The 2016 election cycle has been strange to say the least, even by the standards of American politics. The rise of the non-traditional politician in Donald Trump and the strong support received by self-avowed socialist Bernie Sanders epitomize this trend. And still, all both of these were before the general election, which certainly will not be one to forget. In the wake of the unusual primary season, the Democratic National Committee eyed a fight to retake majorities in the House and Senate.
Following the end of the presidential primaries in June, the high hopes of a new Democratic majority in the House were warranted. The chaos of the Republican primary had undoubtedly damaged the GOP due to the behavior of Donald Trump coupled with the rumored efforts of GOP insiders to sabotage his campaign. This negative spike in Republican favorability harmed GOP fundraising, while also triggering considerable spikes in fundraising for Democrats. The resulting cash shortage hurt Republican down-ballot campaigns, especially at the House level, where Democrats had already been recruiting a strong batch of candidates.
With that in mind, Republican leaders have been bracing themselves for a tough fight as well. Representative Greg Walden, Chairman of the National Republican Congressional Committee (NRCC), recently increased the war chest of the NRCC by $200,000 following a rough summer which saw the Democratic Congressional Campaign Committee (DCCC) outraise the NRCC by $7 million in July, bringing his total contributions this cycle up to $2.4 million.
As the final stretch to the General Election begins, interim-DNC chief Donna Brazile has doubled down, sending $2.5 million to the DCCC to “out-organize and out-mobilize Republicans…to make sure we win more seats in the House.” This strategy involves a focus on expanding operations in traditionally red states such as Georgia, Arizona, and Utah in which Hillary Clinton is expected to perform well.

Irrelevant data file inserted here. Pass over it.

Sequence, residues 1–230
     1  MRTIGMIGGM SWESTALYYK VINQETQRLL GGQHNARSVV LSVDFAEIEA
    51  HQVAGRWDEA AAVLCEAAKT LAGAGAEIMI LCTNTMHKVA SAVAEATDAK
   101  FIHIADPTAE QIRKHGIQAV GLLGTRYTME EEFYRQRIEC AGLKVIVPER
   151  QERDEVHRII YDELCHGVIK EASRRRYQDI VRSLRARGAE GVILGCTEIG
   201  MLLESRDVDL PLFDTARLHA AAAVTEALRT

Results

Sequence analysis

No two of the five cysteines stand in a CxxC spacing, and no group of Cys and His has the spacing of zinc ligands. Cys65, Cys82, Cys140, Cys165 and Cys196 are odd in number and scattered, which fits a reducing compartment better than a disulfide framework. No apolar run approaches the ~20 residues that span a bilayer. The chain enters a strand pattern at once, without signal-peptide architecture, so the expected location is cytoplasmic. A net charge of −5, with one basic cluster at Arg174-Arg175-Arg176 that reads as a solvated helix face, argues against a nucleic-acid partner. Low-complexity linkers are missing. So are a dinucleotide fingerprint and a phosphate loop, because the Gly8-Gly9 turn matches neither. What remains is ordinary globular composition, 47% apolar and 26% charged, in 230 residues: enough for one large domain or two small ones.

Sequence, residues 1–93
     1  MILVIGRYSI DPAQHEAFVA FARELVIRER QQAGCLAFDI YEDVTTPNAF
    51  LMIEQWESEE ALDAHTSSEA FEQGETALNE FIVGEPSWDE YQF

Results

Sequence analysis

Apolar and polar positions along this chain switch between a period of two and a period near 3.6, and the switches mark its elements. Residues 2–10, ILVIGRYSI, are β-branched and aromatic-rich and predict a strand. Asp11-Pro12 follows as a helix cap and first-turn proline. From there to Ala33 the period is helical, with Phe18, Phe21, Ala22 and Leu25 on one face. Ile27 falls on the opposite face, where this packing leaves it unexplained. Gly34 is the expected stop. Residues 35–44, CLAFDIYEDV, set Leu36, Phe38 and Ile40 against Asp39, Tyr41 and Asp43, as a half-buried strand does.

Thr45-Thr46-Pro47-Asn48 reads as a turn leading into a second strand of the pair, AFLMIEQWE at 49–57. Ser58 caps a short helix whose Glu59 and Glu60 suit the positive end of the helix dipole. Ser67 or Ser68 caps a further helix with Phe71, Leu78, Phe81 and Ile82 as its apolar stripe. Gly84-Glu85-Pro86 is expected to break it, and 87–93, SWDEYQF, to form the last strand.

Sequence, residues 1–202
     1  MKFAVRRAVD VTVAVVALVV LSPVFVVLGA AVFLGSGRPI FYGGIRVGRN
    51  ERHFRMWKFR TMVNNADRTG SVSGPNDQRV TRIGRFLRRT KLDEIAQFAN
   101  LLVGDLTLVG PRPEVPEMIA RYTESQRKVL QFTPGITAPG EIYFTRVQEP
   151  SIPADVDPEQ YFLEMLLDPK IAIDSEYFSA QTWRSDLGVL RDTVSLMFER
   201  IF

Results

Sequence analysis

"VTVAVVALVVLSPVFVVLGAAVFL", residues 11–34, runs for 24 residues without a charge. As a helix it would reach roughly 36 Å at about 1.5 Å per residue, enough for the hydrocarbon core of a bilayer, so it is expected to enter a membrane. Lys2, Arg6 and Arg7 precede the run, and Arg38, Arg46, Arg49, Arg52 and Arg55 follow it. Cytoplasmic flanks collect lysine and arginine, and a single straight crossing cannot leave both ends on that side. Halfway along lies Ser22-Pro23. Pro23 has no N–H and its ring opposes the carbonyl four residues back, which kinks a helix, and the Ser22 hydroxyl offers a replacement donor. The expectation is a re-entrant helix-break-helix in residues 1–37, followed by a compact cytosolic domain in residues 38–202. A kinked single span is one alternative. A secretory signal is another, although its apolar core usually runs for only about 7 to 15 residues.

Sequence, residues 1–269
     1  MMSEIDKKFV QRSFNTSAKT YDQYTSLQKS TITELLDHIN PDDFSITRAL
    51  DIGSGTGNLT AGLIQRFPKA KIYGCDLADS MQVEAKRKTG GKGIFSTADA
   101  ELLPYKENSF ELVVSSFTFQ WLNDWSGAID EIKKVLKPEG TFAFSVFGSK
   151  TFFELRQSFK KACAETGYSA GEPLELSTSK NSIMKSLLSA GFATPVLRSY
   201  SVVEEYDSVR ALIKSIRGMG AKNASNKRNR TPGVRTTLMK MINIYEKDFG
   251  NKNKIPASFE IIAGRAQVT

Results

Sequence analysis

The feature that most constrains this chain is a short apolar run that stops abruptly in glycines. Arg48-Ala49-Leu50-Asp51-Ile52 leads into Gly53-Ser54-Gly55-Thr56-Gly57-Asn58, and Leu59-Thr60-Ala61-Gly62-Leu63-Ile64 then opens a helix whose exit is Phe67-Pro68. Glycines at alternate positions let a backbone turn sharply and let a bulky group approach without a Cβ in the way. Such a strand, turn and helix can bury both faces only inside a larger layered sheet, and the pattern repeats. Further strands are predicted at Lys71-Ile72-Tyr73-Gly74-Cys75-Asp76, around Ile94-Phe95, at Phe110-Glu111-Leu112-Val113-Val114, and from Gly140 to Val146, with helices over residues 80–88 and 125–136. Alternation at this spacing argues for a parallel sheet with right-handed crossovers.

Nonetheless, the odds of Republicans retaining their majority in the House continues to grow as Election Day approaches. Donald Trump’s poll numbers have been rising and many of the Democrats candidates simply haven’t received the level of support that they expected. Five seats have been identified as good indicators of whether or not the Democrats will ultimately retake the majority in November and in each of these five cases, the odds don’t look good for the Democrats. All but one of the districts has been controlled by Republicans for years, all are relatively moderate, and all but one is suburban.
These trends lead to the conclusion that, despite how strong the Democrats might have seemed in June, the likelihood that the GOP will still hold a majority of seats in the House after the election is high. Nevertheless, the presidential polls will continue to shift until November 8 and the performances of Donald Trump and Hillary Clinton are undoubtedly the most important variable to the race for the House.
— Christopher Lipscomb is a freshman studying international affairs. He is a First-Time Contributor to THE ARCH CONSERVATIVE.
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